Syrian President Bashar Assad, in a private message to Pope Francis, said the Syrian government is ready to participate in the Geneva-2 peace conference next month. However, Assad added that outside countries ‘must stop supporting terrorist groups in the country's civil war,’ reports Syria's state-run news agency. "The crisis will be solved through national dialogue among the Syrians and under a Syrian leadership, without foreign intervention so as to enable the Syrians to determine their future and leadership through ballots," the message stated. The Syrian president also expressed his appreciation for how Pope Francis has recently called upon ceasing violence and suffering in Syria, state-run SANA reported.
TEHRAN (FNA)- Hardline Wahhabi radicalism, nurtured by Saudi Arabia’s vast oil wealth, is spreading through Africa at a rapid pace.
Radical Salafist and Wahhabist groups with names like Boko Haram, Seleka, and Uamsho, unheard of a decade ago, are massacring Christians during church assemblies, razing Christian villages, and assassinating moderate Islamic clerics. Of course, this Saudi-made mayhem is a godsend for the US Africa Command (AFRICOM), which can point to the spread of «Al-Qaeda»-linked terrorism to Africa as a reason to increase America’s military presence on the continent and add armed muscle behind Uncle Sam’s quest for Africa’s oil, natural gas, and mineral resources…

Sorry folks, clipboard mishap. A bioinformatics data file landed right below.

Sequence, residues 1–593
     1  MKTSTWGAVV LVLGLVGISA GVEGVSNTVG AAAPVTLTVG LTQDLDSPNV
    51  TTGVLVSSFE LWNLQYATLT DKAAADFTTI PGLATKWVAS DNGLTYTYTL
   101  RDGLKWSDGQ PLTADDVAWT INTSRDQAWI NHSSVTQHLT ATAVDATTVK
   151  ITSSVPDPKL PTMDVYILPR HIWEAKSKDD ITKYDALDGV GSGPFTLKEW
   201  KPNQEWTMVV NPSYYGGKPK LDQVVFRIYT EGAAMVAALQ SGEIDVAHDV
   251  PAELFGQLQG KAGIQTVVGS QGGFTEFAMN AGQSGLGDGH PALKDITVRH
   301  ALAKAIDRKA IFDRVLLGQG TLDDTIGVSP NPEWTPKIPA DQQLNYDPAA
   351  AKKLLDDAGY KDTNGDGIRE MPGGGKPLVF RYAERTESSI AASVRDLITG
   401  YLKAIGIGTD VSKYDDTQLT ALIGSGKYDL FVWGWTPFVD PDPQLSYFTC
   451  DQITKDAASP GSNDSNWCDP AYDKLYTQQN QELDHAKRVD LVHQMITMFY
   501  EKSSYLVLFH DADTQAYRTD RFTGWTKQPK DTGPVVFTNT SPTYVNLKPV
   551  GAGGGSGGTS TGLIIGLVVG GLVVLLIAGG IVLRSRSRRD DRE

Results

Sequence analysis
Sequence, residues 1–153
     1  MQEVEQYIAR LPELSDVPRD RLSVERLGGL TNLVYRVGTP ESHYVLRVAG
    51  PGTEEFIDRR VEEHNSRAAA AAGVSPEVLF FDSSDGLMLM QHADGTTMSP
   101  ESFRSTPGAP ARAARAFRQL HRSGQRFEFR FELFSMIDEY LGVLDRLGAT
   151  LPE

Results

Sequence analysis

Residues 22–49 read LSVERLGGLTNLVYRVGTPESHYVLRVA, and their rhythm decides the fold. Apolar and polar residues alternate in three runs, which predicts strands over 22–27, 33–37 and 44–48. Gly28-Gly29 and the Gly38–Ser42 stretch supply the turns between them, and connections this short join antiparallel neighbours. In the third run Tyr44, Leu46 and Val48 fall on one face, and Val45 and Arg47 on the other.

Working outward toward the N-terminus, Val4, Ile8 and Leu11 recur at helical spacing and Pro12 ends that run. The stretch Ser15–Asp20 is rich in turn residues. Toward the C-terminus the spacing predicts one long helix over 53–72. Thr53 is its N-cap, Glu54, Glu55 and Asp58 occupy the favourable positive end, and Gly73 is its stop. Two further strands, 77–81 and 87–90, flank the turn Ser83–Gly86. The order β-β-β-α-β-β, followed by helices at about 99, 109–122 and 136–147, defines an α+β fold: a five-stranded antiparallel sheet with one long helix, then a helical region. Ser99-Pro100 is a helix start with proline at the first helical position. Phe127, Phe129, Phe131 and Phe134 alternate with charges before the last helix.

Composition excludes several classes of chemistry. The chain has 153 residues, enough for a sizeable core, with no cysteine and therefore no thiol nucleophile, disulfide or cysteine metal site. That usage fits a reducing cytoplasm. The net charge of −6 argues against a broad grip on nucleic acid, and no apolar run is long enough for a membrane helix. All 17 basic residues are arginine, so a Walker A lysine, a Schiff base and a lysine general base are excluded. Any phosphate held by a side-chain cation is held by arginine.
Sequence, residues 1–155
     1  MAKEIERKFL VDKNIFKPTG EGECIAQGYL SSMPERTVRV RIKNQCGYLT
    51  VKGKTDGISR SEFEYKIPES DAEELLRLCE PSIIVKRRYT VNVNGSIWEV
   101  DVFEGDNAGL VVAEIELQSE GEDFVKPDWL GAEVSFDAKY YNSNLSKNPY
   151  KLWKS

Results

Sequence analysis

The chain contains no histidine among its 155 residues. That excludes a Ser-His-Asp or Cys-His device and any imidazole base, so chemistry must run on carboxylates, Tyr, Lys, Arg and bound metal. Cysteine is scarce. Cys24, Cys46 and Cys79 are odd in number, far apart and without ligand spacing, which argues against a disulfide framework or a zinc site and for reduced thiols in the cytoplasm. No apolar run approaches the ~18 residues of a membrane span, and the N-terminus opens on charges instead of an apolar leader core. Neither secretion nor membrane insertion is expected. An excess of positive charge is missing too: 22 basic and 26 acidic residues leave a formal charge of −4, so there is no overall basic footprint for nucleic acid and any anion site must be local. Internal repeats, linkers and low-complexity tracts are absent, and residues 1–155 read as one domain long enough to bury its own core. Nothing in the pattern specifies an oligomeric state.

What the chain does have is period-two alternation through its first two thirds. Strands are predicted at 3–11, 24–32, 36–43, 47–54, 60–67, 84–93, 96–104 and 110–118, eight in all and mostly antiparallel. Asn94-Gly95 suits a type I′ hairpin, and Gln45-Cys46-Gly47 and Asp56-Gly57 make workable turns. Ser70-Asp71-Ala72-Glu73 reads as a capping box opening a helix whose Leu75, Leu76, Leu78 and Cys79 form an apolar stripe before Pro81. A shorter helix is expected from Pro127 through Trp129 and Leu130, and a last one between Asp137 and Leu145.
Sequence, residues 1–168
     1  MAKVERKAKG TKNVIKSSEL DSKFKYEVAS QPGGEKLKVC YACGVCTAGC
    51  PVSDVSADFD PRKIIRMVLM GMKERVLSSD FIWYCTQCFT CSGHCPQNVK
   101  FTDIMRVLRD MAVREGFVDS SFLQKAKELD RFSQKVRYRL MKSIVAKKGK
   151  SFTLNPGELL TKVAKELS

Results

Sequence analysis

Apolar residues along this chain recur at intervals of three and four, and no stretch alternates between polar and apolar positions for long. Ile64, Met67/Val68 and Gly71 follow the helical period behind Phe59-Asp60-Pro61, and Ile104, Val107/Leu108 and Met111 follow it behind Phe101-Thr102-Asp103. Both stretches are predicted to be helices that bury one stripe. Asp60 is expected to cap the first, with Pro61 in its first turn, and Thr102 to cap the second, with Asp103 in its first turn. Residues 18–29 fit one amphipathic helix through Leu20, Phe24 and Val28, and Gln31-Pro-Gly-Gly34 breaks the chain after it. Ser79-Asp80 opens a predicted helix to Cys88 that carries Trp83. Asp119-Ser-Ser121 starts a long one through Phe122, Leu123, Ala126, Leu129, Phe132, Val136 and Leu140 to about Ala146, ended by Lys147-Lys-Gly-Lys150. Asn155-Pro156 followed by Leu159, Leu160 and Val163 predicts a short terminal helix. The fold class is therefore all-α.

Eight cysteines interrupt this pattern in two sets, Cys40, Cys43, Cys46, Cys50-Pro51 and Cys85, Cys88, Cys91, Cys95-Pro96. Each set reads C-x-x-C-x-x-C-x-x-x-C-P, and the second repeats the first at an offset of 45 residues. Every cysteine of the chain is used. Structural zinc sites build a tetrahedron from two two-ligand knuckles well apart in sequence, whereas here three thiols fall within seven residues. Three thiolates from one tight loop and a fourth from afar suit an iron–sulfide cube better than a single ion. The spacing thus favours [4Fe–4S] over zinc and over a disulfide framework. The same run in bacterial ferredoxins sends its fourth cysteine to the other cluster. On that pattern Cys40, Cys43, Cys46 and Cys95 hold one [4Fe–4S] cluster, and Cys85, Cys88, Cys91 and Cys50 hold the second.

While US leaders like President Barack Obama, Secretary of State John Kerry, Secretary of Defense Chuck Hagel and others continue to kowtow to Saudi Arabia’s misogynist princelings, including the head of Saudi intelligence, Prince Bandar bin Sultan, the Second US Circuit Court of Appeals in New York has ruled that families of the victims of the 9/11 attack can sue the government of Saudi Arabia for providing material support to the hijackers. In 2005, a federal judge dismissed plaintiff claims against Saudi Arabia ruling that Saudi Arabia enjoyed immunity from such claims pursuant to the Foreign Sovereign Immunities Act. That decision has not been overturned by the federal appellate court.
JUBA: International pressure bore down on the two sides on Saturday in South Sudan's bloody violence to open peace talks to keep the young nation from sliding into civil war.